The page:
Evolution of species is recorded in the genes
Climate change, population movements and natural or forced cross-breeding induce or accelerate the evolution of species. Between geographical information and genetics, a method developed by a researcher at EPFL as part of a European project enables traces of evolution due to the environement to be detected in genes.
Without doubt, one of man’s greatest mistakes is to think himself above the laws of nature. However, when livestock breeders order semen online from the other side of the world in the interests of immediate productivity, they are ignoring an important fact: it’s no accident that certain species have been able to settle and survive in certain environments for millennia. “There is an obvious example in Uganda”, explains Stéphane Joost, researcher at the Laboratory of Geographic Information Systems (LASIG) at EPFL. “The Ankole cattle breed has evolved there naturally over several hundred years, and is therefore perfectly adapted to the local climatic conditions. Yet breeders cross it with, or import, Holsteins originating from the Netherlands because they produce more milk. But these cross-breeds don’t survive for long in this environment.”
Farmers in poor regions must find a balance between adequate productivity and a sustainable option that will enable them to leave a legacy for their family. Some of the tools developed by Stéphane Joost are able to provide specific elements that might help them to make the right decisions. “Our work consists of establishing a relationship between genetic markers and environmental data,” continues the researcher.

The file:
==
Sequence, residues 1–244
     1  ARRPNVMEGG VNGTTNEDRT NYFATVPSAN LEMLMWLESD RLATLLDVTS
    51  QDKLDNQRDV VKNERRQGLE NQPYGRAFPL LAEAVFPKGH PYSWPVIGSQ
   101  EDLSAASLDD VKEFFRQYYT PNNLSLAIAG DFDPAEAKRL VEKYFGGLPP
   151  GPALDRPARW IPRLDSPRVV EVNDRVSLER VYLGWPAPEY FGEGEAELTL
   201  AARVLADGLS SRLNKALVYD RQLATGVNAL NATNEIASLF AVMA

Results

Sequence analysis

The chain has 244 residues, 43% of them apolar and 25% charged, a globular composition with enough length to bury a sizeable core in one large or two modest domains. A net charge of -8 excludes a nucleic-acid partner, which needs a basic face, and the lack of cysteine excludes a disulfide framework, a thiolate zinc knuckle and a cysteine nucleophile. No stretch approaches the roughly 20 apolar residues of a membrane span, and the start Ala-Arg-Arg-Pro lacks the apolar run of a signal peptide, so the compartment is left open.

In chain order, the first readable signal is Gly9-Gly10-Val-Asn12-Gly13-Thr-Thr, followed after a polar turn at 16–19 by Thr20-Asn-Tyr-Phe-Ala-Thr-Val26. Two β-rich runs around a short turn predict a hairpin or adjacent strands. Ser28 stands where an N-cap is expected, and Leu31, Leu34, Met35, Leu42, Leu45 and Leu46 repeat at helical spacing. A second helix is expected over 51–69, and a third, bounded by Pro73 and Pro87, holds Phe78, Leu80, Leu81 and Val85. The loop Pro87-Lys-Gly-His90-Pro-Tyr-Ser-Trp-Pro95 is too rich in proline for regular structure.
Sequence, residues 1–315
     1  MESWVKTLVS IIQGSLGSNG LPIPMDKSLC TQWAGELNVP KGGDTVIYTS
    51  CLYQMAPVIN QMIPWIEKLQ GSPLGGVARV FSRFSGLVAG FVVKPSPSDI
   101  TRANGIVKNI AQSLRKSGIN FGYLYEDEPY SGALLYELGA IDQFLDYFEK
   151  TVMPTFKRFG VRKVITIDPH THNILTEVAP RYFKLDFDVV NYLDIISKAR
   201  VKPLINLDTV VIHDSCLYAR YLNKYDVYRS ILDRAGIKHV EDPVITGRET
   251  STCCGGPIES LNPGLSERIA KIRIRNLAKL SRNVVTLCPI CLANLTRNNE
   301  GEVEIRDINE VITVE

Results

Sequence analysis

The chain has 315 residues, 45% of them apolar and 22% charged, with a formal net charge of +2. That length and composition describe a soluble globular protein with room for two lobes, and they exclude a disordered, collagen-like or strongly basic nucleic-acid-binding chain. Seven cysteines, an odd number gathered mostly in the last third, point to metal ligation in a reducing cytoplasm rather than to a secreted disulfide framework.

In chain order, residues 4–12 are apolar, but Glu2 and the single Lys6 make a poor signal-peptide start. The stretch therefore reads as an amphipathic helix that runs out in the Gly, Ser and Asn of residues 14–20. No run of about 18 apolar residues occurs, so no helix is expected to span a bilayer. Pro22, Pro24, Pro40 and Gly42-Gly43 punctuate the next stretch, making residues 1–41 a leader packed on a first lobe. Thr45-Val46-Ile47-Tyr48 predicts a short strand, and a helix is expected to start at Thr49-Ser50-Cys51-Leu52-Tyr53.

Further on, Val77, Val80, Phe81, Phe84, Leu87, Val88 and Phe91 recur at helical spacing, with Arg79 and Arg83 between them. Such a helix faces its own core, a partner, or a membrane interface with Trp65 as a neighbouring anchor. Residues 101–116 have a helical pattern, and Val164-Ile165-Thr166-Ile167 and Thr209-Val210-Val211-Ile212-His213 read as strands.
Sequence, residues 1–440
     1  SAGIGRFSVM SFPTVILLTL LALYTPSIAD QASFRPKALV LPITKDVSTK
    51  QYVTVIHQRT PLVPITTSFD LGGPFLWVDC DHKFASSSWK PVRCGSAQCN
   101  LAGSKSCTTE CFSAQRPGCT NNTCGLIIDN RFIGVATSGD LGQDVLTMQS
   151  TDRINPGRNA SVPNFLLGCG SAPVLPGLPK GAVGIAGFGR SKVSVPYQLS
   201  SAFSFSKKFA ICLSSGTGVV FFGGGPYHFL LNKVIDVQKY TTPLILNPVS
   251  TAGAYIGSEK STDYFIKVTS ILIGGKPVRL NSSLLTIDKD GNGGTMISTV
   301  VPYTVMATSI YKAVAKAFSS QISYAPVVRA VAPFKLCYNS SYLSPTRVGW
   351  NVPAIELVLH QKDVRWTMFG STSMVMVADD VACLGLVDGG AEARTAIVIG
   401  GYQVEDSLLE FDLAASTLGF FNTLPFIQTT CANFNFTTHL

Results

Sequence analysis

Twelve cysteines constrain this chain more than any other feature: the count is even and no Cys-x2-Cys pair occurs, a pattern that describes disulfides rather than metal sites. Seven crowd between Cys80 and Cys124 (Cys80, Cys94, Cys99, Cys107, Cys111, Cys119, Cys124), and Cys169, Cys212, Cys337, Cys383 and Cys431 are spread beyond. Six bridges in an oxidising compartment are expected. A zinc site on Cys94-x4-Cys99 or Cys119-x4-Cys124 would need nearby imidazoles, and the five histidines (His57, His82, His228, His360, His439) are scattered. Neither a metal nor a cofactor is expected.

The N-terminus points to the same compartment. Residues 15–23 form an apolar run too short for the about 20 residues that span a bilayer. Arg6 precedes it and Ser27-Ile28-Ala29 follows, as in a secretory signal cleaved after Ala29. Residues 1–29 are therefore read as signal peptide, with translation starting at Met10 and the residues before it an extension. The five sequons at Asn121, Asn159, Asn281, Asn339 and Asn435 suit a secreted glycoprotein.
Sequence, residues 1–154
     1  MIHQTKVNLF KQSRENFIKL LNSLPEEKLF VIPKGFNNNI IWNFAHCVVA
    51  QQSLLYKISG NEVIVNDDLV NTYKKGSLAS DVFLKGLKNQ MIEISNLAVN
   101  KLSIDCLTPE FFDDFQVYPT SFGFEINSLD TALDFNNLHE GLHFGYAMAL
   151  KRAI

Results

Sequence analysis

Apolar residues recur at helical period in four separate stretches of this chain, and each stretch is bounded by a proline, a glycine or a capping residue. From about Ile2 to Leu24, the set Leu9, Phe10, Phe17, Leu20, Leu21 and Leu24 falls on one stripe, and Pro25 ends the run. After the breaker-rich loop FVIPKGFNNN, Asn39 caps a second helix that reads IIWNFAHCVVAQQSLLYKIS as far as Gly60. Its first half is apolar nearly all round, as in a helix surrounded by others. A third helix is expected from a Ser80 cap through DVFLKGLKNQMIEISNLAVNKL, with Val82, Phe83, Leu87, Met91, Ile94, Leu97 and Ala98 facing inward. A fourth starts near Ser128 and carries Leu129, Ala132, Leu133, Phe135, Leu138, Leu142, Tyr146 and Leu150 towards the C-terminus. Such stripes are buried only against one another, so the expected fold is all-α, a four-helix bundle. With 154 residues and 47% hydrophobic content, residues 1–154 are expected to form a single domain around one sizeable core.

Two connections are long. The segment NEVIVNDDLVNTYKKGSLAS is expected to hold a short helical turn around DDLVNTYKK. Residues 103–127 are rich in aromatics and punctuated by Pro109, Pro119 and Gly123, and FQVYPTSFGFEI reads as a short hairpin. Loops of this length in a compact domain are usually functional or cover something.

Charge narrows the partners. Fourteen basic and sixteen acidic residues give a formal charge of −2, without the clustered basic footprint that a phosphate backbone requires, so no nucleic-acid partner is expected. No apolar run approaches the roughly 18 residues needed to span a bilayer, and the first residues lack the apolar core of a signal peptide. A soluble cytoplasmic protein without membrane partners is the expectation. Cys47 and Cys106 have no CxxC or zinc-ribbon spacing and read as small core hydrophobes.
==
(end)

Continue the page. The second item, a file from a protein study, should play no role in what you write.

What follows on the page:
When rain “creates” lanolin
“We have also found that certain breeds of sheep produce a wool that contains more lanolin in regions with higher rainfall”, adds Stéphane Joost by way of example. This method also makes it possible to identify which area of the genome is implicated in resistance to disease transmitted by the tsetse fly: data that is crucial in the regions of Africa where the latter is rife.
Specifically, therefore, it is a matter of tapping into the vast databases of geographical information systems or measuring environmental parameters with the help of sensors on the ground, to determine which genes may derive their function from the environment in which the studied species live, and to establish correlations – hence the term “landscape genomics” being used to describe this process.
This research is associated with a number of European projects. Last month EPFL hosted a large gathering of researchers at the final workshop of Globaldiv (www.globaldiv.eu), a three-year program focusing on methods and data relating to the conservation of genetic resources of farm animals. This project will now continue until 2014 under the name of “Genomic-Resources” (genomic-resources.epfl.ch). At the same time, Stéphane Joost and LASIG are actively involved in the NextGen project (nextgen.epfl.ch), which aims to apply landscape genomics to the whole genome of several species of farm animal sequenced in Africa (goats in Iran, goats and sheep in Morocco, and Ankole cattle in Uganda).
“We want to explore potential links between the hundreds of environmental parameters and – in due course – millions of genetic markers”, explains Stéphane Joost, who directs Genomic-Resources, a four-year project. In addition to the exploratory work and genetic analysis in the field, the preparation of this “genetic atlas” demands significant computing power, requiring the use of high-performance computing and specific functions programmed within a piece of software also developed at LASIG as part of a doctoral thesis.
The method developed in the course of these projects has already been applied by many researchers, who are thereby helping to document the links discovered between the areas of the genome and certain environmental parameters. This information will be every bit as beneficial to the preservation of species as it is to the scientific framework of the breeders.